Recently I ran across a Western diplomat, this one from an embassy in Southeast Asia. I dream of having intellectual conversations with such people. After all they hold the levers of governmental power, particularly the big aid budgets in Myanmar, Thailand and other countries in Southeast Asia. Unfortunately, the conversations are usually one sided. Usually, I get an earful of talking points generated by a distant capital (think London, Washington, New York and Geneva) which shows that they are “up to date”—even ahead of The New York Times, which it seems is their main source of news and analysis. Usually they are prophesying something big, like:
(A) Peace around the corner!
(B) War around the corner!
(C) Refugees going home!
(D) Something in-between!
(E) An early ticket out of Myanmar to a new posting!
Then I ask my fictional diplomat how this fits with the authors my graduate students in the PhD program in Peacebuilding in Thailand might read. I usually get a blank look. Then it is my turn for the monologue—this one about the great English-language literature about Myanmar. I ask them if they have read Daw Aung San Suu Kyi’s essays about fear, Edmund Leach on the traditional politics of the Kachin and Shan, or perhaps U Thant Myint-U’s histories? Others include James C. Scott’s book on the political ecology of Southeast Asia, Mandy Sadan on the Kachin, Charmaine Craig’s novel Miss Burma, and Ashley South’s books on Burmese and Mon politics.
And then I add, but only to myself, that if the embassy folk spent more time reading books, and less time talking, they might make fewer mistakes, and have time to read even more!
And I imagine they dismiss my monologue, with the bureaucrats’ favorite rejoinder: “That’s all old stuff, and I only have time to read that which is up-to-date.” Followed by, “We’re too busy to read anything longer than a couple of pages, because well, I’m solving stuff! I don’t read anything longer than an op-ed piece in The Irrawaddy, and certainly not a book!”
And thus power speaks truth to academia. And academia speaks truth to power. Really it is just a lot of noise.
This is of course too bad. Besides having intractable problems, Burma/Myanmar has one of the most extensive English literatures—much of which can be found Saturday mornings along Pansodan Street, where cheap knock-offs of most books having to do with Burma are readily available. This is alongside a large selection of Burmese-language books, and not too much further afield, an established literature in Karen, Shan, Kachin and other languages. The street itself is one of the best English-language bookstores I’ve seen in Southeast Asia! This is not surprising, since one of the English language’s greatest writers, George Orwell, himself got his start in colonial Burma, with essays like “Shooting an Elephant” and “A Hanging”, both stories of the morose nature of colonialism. Most infamously, his first novel, Burmese Days, is an indictment of the pitfalls of foreign meddling on the colonizer and colonized alike.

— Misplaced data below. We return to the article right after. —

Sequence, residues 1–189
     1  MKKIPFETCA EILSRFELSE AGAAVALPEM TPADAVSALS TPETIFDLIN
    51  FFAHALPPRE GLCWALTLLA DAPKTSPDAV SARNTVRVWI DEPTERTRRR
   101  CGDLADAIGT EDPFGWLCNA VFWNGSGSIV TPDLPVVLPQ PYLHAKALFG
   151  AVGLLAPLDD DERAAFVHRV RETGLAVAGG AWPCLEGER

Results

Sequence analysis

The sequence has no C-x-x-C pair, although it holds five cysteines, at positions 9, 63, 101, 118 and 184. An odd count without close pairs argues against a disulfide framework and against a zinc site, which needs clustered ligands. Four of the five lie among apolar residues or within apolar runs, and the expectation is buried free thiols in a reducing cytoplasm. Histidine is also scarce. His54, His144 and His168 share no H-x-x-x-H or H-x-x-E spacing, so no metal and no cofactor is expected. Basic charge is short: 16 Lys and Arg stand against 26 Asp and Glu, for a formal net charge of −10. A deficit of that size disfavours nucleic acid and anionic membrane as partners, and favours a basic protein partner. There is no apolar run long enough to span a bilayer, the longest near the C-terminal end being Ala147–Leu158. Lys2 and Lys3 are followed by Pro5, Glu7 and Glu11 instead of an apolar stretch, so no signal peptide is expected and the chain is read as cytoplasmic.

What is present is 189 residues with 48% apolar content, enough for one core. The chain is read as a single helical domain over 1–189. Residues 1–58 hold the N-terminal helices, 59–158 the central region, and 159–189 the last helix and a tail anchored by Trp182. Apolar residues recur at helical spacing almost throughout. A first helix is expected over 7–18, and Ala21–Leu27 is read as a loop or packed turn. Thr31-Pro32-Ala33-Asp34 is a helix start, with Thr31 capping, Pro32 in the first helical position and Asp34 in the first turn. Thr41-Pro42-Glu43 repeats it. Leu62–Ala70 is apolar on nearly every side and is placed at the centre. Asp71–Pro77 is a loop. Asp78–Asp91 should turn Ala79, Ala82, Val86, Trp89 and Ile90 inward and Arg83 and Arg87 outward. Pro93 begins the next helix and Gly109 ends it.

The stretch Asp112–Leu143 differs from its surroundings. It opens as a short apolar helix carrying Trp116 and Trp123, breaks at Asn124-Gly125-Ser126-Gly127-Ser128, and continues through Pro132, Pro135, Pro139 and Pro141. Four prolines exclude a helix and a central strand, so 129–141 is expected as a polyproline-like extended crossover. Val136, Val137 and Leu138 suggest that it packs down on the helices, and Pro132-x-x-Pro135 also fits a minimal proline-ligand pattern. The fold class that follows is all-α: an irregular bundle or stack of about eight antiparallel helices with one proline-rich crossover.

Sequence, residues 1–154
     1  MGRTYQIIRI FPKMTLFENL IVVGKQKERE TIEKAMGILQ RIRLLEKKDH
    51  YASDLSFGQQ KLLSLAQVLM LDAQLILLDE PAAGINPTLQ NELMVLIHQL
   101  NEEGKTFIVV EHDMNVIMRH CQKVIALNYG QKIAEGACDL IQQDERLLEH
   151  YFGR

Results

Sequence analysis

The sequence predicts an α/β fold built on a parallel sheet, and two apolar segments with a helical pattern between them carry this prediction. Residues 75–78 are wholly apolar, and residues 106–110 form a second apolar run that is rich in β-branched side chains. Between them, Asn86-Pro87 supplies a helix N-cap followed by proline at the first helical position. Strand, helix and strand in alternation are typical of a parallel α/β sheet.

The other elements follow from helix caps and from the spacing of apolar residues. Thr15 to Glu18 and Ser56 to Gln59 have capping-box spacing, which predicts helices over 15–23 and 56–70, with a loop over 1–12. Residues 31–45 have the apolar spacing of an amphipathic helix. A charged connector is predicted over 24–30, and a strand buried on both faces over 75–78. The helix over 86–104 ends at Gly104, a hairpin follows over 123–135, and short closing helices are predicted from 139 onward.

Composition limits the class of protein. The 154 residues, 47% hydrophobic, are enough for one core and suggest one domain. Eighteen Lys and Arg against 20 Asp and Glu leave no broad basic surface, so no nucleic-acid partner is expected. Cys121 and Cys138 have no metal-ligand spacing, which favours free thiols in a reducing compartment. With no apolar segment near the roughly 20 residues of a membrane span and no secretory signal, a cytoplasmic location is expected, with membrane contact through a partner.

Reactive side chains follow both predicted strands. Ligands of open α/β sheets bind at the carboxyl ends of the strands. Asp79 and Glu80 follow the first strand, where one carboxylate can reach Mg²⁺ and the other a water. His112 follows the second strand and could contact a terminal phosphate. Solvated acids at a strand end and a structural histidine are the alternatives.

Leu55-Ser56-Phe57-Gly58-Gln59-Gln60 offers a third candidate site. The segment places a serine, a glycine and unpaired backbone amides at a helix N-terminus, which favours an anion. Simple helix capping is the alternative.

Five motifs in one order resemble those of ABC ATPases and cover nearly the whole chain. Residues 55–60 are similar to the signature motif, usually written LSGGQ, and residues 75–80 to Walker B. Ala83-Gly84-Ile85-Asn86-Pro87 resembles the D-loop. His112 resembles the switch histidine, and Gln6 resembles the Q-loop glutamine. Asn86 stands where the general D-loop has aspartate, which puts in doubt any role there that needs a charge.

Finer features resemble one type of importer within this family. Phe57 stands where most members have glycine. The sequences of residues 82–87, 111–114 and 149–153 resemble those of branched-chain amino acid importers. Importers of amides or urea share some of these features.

The Problem of the $52,200 Yangon Salary
So what is my fictional embassy worker actually doing all day that keeps them away from books? This was in part answered by an anonymous 25-year-old “program coordinator” from Yangon who sent in her weekly budget to the Refinery 29 website. She let us in on some of the secrets for why a Yangon-based non-profit manager is so busy. Indeed, on a $52,200 annual salary ($48,000 take home) she manages to only save about $4,000. Guess what? It wasn’t because she spent too much on Book Street, or at the airport bookstore. Reading material did not make it into her budget. (Nor was there an item on “Burmese language lessons.”)
Rather, she apparently spent some $48,000 per year in a swirl of expatriate-focused social activity, at the center of which was expensive weekends on Singapore visa runs, accompanied by a constant consumption of food, coffee, theater and alcohol. All this somehow includes Mexican food, but not Burmese food. At least this was the case during the week she reported on. The biggest expense was food and “drink” on the weekend trip to Singapore after a flurry of activity in Yangon which, so far as I can tell, involved little contact with actual Burmese except at a performance of “Vagina Monologues,” while professionally focused on the bureaucratic requirements for accountability, measurable outcomes and transparency as reported to a nameless overseas headquarters. All presumably in the name of the rule of law, good management and civilization.
The John Flory Problem and Yangon’s Modern Program Coordinators